Background: Cognitive training (CT) is a non-pharmacological intervention based on a set of
tasks that reflect specific cognitive functions. CT is aimed at improving cognition in patients with cognitive
impairment, though no definitive conclusions have yet been drawn on its efficacy in Alzheimer's disease
Objective: To assess the effectiveness of a CT program designed to improve cognition in AD patients.
Method: This is a randomized, controlled, single-blind, longitudinal trial with a no-treatment control condition
in mild-to-moderate AD. Treated patients received in-group CT twice a week for six months,
whereas controls did not. CT consisted of tasks ranging from paper-and-pencil to verbal-learning exercises.
Participants' cognitive levels were assessed at baseline, post-intervention and 6 months later by
means of a complete neuropsychological test battery. Repeated measures ANOVA was used to analyze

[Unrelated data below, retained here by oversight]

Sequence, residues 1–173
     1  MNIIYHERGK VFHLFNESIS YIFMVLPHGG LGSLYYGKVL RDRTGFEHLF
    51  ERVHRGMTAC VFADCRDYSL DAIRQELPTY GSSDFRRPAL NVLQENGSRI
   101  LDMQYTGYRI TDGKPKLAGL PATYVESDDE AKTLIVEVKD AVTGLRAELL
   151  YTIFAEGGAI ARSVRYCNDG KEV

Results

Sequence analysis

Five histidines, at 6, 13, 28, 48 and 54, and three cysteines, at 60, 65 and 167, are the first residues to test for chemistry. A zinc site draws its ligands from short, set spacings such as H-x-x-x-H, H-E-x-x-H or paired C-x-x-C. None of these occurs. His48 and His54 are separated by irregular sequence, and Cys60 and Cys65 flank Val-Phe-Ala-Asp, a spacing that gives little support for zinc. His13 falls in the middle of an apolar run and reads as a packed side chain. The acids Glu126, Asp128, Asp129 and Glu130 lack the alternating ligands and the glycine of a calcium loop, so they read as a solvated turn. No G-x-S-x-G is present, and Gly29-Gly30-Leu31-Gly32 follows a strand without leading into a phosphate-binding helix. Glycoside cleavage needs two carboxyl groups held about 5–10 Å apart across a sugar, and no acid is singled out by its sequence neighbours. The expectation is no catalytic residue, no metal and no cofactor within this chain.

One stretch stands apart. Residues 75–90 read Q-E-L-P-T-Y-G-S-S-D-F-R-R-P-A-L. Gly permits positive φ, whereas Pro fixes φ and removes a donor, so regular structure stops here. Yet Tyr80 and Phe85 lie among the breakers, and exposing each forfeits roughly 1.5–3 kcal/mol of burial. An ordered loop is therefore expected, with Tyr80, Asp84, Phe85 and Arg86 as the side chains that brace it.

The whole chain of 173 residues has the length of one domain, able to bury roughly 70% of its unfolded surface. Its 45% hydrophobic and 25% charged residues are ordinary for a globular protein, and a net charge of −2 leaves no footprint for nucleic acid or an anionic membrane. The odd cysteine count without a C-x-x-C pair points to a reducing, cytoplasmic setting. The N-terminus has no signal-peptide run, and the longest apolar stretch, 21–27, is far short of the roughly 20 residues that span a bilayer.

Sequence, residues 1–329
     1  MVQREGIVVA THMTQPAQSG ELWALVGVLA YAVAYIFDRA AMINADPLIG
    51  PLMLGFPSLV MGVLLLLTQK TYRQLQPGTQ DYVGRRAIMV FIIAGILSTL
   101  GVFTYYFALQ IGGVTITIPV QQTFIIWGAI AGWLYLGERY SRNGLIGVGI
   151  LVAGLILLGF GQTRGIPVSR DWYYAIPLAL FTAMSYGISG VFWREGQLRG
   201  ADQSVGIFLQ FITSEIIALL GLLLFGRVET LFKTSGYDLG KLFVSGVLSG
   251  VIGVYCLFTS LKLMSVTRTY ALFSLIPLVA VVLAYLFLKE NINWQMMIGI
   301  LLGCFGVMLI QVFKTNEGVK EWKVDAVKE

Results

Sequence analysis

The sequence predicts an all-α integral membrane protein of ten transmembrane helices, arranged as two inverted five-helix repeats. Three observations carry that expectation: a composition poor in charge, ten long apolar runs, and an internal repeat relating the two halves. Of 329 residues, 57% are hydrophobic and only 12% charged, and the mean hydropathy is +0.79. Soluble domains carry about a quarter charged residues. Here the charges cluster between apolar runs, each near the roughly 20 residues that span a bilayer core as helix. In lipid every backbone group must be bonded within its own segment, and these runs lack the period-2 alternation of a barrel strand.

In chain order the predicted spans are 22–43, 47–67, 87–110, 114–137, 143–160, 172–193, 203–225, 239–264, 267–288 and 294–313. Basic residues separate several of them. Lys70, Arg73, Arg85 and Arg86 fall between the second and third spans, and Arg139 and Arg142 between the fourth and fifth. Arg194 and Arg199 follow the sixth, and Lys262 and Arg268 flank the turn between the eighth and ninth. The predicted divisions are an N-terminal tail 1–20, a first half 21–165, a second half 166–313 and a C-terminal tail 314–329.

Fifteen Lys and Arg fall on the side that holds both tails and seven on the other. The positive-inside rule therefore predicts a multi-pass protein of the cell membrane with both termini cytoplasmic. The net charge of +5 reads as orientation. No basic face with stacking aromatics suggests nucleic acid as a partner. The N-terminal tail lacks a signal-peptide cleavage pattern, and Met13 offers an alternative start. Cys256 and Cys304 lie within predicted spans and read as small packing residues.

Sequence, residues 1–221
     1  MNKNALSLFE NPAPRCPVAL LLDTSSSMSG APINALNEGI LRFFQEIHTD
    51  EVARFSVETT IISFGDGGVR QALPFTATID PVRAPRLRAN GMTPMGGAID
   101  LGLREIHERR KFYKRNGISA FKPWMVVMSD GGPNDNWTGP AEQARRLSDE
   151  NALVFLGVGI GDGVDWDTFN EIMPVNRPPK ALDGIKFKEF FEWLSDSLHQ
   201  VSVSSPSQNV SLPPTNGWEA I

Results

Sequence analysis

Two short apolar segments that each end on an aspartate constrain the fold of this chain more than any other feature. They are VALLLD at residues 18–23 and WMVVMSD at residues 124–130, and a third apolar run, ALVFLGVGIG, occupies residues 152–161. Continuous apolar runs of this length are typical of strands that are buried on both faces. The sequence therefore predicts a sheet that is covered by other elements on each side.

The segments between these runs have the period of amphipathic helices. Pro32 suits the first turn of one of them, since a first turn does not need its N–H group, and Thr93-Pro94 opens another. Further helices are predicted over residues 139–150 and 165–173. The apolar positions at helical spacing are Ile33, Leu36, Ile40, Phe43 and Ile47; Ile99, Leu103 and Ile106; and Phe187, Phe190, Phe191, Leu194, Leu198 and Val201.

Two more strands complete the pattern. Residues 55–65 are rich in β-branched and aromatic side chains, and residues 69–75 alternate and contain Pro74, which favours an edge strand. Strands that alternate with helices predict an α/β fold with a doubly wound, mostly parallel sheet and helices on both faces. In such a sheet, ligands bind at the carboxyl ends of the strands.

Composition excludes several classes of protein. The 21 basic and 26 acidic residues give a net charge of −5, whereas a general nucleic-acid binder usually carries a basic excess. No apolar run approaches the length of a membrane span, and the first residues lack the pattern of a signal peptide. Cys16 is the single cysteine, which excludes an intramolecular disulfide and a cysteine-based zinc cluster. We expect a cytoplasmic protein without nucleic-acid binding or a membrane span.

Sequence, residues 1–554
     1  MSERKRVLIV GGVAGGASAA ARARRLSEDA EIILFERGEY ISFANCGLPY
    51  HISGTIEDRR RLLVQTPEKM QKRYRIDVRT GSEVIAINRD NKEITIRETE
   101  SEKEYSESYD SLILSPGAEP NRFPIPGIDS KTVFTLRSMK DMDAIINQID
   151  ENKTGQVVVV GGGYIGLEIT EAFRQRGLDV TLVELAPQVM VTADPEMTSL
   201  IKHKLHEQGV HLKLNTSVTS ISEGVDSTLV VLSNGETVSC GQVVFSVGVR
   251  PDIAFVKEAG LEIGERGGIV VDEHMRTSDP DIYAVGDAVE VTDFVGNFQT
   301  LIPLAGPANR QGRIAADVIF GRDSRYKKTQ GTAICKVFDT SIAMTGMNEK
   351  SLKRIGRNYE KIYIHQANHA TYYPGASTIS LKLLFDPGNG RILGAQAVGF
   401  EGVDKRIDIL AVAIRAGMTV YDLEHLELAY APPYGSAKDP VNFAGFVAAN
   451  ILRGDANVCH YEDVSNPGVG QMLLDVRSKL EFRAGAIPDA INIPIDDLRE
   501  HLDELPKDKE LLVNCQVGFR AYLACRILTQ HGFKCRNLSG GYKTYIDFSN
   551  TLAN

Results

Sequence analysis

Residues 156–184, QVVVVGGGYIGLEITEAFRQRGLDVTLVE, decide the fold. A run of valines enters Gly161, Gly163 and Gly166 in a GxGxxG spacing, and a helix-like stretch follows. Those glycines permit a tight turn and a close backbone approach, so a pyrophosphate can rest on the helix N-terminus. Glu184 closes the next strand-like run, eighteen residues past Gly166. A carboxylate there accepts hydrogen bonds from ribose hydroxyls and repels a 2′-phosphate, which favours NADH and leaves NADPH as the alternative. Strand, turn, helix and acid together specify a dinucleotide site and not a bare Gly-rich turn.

the effect of time on the outcome measures, as well as to compare treated and untreated patients over time,
with demographic data considered as covariates.
Results: Of the 140 patients enrolled, 45 in the treated group and 85 controls concluded the study. The CT
significantly improved treated subjects' cognitive functions immediately after the CT. Six months later,
some test scores remained stable when compared with those obtained at baseline. The control group performed
significantly worse than the treated group at each time-point, displaying a progressive cognitive
decline over time.
Conclusion: Our results suggest that CT may improve cognitive functions in patients with AD and may
help to temporarily slow their cognitive decline.